Visa brings faster payments to a market that may not need it

Visa brings faster payments to a market that may not need it

November 3, 2017 News 0

In the U.S., Visa Direct has emerged as one of the few go-to tools for fast payments in a market that is overdue for such options. The product’s true test begins now, as Visa launches it in Europe, where faster payments options are far more plentiful.

Among Visa’s biggest challenges will be Mastercard, which zoomed ahead with a series of strategic acquisitions that included VocaLink, a powerhouse that’s already driving faster payments in many global markets.

On its home turf, Visa Direct has found an eager audience in the gig economy, where new business models such as ride-sharing come with a pressing need to provide payment as soon as services are rendered. In Europe, Visa will work with Worldpay to bring Visa Direct to merchants with support for person-to-person payments, corporate disbursements and business-to-business payments.

The problem is that Visa may be too late to make a bold showing with speedy card-based payments in those categories in Europe, which already has a mature, streamlined system for instant bank-based payment options across consumer and business channels that are low-cost or free and—in most cases—faster than Visa Direct, experts say.

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By October 2018, Visa will require issuers to deliver funds to cardholders within 30 minutes, but even that may be too slow for the European market.

“Visa Direct necessarily takes the detour of crediting the card, and reach may be limited in some P-to-P and business-to-consumer disbursement cases if the recipient doesn’t have a Visa card,” said Ron van Wezel, a senior analyst for Aite Group based in Amsterdam.

Currently in Europe, most domestic P-to-P schemes leverage a national clearing infrastructure and thus have nearly 100% consumer reach, and P-to-P services typically provide final funds to the bank in real time, he said.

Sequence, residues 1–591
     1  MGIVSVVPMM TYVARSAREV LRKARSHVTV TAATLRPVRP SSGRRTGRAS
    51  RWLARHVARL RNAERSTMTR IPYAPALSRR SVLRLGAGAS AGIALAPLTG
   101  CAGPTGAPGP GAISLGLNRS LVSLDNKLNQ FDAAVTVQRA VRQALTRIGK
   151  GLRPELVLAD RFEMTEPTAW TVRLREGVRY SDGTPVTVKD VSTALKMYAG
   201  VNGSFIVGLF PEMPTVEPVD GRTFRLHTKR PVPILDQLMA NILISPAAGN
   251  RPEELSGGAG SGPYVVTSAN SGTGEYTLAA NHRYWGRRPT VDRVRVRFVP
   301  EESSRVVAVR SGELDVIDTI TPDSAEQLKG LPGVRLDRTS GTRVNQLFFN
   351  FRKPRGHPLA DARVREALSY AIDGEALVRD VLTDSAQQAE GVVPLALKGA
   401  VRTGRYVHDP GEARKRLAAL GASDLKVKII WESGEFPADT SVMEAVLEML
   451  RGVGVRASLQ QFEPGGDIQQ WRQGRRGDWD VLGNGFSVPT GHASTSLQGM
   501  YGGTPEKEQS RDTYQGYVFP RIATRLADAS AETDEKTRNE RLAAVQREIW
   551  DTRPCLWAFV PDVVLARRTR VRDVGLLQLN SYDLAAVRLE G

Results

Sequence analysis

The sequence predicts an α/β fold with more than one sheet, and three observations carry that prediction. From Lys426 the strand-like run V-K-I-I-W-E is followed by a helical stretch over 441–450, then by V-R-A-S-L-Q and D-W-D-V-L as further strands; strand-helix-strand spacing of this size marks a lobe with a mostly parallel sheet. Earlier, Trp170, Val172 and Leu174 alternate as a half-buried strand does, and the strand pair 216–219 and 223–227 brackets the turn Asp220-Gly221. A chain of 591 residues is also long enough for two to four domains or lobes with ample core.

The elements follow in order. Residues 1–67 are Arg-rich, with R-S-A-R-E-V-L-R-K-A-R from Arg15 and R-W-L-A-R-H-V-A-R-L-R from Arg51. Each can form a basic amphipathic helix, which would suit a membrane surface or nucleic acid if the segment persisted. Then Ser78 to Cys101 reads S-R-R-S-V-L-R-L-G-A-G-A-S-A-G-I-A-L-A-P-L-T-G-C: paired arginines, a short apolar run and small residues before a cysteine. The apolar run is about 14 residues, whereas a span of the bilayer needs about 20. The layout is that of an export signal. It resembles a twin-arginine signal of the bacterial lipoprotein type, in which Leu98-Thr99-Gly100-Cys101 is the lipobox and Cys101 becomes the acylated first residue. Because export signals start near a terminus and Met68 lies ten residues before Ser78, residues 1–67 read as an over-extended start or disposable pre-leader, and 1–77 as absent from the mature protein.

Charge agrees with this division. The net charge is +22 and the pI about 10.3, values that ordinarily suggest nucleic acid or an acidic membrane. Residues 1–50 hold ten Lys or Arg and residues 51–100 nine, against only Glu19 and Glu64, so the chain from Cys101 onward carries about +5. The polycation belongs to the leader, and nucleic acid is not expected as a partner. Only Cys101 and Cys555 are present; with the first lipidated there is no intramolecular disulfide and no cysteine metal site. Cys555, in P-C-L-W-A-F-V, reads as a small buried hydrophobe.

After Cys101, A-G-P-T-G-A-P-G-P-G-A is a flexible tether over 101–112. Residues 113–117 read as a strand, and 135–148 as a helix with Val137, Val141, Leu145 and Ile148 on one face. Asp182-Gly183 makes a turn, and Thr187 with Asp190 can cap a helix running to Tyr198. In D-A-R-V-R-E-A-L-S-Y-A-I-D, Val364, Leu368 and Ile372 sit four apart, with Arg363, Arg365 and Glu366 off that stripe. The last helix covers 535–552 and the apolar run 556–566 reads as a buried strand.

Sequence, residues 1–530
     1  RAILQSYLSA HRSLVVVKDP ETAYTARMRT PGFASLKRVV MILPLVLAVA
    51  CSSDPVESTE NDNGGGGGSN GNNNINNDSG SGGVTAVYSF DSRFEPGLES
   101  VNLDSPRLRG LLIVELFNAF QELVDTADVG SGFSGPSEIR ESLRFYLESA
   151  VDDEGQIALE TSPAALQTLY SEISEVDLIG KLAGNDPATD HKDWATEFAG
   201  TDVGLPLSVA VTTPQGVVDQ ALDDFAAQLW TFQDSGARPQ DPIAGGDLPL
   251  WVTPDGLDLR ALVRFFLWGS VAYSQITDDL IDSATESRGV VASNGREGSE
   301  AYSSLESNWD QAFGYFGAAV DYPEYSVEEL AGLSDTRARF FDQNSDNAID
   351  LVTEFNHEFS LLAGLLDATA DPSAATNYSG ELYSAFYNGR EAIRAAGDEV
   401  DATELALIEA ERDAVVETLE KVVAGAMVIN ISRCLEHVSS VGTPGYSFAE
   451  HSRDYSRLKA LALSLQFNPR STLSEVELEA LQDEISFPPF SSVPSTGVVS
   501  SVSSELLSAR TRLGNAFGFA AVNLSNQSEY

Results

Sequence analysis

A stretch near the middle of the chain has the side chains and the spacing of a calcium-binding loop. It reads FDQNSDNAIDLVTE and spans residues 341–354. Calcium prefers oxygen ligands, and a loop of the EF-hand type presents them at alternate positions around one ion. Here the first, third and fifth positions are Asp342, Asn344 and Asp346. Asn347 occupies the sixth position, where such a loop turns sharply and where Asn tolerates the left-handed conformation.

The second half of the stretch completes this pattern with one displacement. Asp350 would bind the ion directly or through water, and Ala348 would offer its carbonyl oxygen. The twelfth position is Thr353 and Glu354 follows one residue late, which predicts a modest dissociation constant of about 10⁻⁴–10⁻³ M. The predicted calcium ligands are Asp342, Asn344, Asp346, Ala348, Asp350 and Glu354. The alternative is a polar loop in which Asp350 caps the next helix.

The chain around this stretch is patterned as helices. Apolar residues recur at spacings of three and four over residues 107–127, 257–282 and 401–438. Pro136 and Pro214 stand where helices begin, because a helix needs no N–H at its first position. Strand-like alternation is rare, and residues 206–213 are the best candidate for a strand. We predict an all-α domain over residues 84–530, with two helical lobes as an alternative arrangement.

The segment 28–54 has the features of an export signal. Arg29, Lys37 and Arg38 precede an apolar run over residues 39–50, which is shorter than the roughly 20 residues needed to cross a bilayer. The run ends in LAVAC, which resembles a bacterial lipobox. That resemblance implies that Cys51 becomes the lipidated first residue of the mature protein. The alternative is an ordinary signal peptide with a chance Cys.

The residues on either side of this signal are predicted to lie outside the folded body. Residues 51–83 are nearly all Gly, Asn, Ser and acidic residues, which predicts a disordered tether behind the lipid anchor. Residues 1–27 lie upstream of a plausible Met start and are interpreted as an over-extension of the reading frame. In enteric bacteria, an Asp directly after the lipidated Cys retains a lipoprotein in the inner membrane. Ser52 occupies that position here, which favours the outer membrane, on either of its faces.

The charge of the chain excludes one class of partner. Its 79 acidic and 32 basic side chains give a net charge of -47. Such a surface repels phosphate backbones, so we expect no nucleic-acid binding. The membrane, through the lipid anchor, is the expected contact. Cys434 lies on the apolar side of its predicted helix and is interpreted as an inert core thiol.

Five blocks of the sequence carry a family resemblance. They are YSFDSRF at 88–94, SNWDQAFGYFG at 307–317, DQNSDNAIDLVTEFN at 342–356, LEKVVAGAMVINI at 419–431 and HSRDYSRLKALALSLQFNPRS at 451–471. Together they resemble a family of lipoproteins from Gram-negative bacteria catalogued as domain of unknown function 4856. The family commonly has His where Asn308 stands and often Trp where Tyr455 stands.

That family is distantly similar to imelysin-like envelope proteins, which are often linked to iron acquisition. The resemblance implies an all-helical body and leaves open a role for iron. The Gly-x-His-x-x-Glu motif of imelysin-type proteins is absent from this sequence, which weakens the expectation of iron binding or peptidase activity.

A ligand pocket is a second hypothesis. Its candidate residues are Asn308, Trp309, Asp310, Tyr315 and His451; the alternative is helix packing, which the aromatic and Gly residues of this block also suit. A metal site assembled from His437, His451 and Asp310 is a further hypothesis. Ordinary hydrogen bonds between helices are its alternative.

“Visa will have a hard time competing with some of the domestic P-to-P schemes,” van Wezel said.

Visa and Visa Europe did not provide comment by deadline. In its announcement, Visa emphasized the service’s track record.

“Visa Direct is a proven platform that enables technology companies, businesses and financial institutions to meet the demand for real-time payments, backed by the ubiquity, cost-efficiency and speed of Visa’s global network,” said Mike Lemberger, Visa’s senior vice president of product solutions for Visa in Europe, in the press release.

The problem for Visa may not be the use case, but the size of the market that can benefit from its product.

“The gig economy is certainly big in Europe, but card usage and ownership is lower overall,” said Gareth Lodge, a senior analyst with Celent in London.

Visa Direct also may be useful for merchants delivering cash returns to customers for quick product returns, refunds, and cash-back promotions, and there are also specific disbursement cases for government benefits and insurance payouts where a prepaid Visa and Visa Direct could be used as an easy mechanism for payout, he noted.

“Most real-time payment systems in Europe post within 5 seconds and settle multiple times a day, if not within that same posting window,” Lodge said.

That’s a marked difference with the U.S., which only adopted same-day ACH recently, and because it operates on bank hours, settlement is still slower than Visa Direct, which happens around the clock.

But Europe’s payments systems are only picking up speed. This month the pan-European instant payments initiative, SEPA Inst, launches, with a goal of enabling any bank account in Europe to send or receive an instant payment within the next few years.

“With SEPA Inst, the European Central Bank is projecting that 60% to 80% of all payments in Europe will be real-time within the next 10 years, and Visa has a huge amount of risk against that, so this move with Visa Direct looks like a very defensive move for Visa,” Lodge said.

Mastercard is in a very different situation following its $900 million acquisition of VocaLink, which was announced last year and finalized this year after clearing some regulatory hurdles.

London-based VocaLink currently powers the U.K.’s faster payment services, and other regions have licensed its technology for faster payments in Sweden, Singapore, Thailand and the U.S. via The Clearing House. VocaLink’s technology is also under consideration for use in Canada’s move to faster payments, analysts say.

Since closing the deal with VocaLink this year, Mastercard is positioned to broadly support bank account and card-based payments for banks and corporations, including bill payment, in real time or near real time, Mastercard CEO Ajay Banga told analysts in July when announcing the company’s third-quarter earnings.

Visa can’t be counted out in the broad faster-payments race, though, noted Aite’s van Wezel.

“Financial institutions can offer Visa Direct as a value-add to their domestic P-to-P offering, to make cross-border payments in multiple currencies, an area where card networks have an advantage,” van Wezel said.

Kate Fitzgerald

Kate Fitzgerald

Kate Fitzgerald is an Arizona-based senior editor for PaymentsSource.

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